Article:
For example, the Law of Gravity impacts our relationships with the things that are around us. And a physical principle like gravity can’t be violated like you can violate a man-made law. And the Law of Gravity could care less whether you believe in it or not. It’s all about cause and effect. It’s the same reason I wear a seatbelt in my car. I know that if I am in a collision, the Law of Linear Motion, Newton’s First Law, will cause my body to continue going forward, at whatever speed I happen to be traveling. Since that would not be a pleasurable experience, I choose to buckle up to bring my body into harmony with that principle.
The principles of Police Dynamics are similar, but they differ on two important points. They do not deal with our relationships with things, but our relationships with people. And the causes and effects attached to these principles are much more difficult to discern. So we must dig deep and go below the surface to enhance our understanding. Then we can make good choices to bring our lives, our agencies, and our communities into harmony with these principles.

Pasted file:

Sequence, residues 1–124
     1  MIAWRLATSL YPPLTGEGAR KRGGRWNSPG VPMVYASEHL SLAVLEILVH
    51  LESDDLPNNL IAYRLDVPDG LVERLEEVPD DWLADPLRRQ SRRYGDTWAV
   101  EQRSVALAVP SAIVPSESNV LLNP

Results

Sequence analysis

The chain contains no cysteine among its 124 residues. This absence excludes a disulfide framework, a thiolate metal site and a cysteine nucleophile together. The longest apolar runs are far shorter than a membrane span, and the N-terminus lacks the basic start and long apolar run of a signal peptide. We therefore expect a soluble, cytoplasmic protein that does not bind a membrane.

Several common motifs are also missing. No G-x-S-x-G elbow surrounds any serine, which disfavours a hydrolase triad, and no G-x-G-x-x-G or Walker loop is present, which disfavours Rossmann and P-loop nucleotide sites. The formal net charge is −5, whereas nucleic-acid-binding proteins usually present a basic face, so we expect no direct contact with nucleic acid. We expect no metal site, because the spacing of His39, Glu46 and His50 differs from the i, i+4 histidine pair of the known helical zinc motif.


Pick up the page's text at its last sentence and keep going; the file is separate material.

In this short video recorded at a recent Police Dynamics conference hosted by the Brownsburg, IN Police Department, I emphasize that fact that failure to clearly articulate a standard is a leadership failure. Then explore the definition of the character-based standard of Obedience.
Quickly fulfilling the expectations of my authorities while guarding my attitude.
The first part of E5 Leadership is to Establish the Standard. Standards in the law enforcement profession tend to be performance, behavior, or achievement-based standards. But Credible Leadership requires that we establish character-based standards. The second step in E5 Leadership is to Embrace the Standard. This has to do with communicating the standard at every level. The character-based standard should be reinforced through selection, training, officer recognition, promotion, discipline, terminations, critical incident debriefings and every other aspect you can think of.
To learn more about the character quality of Obedience as it applies to a law enforcement agency, click on the pdf below…
Source: Character First, Oklahoma City, OK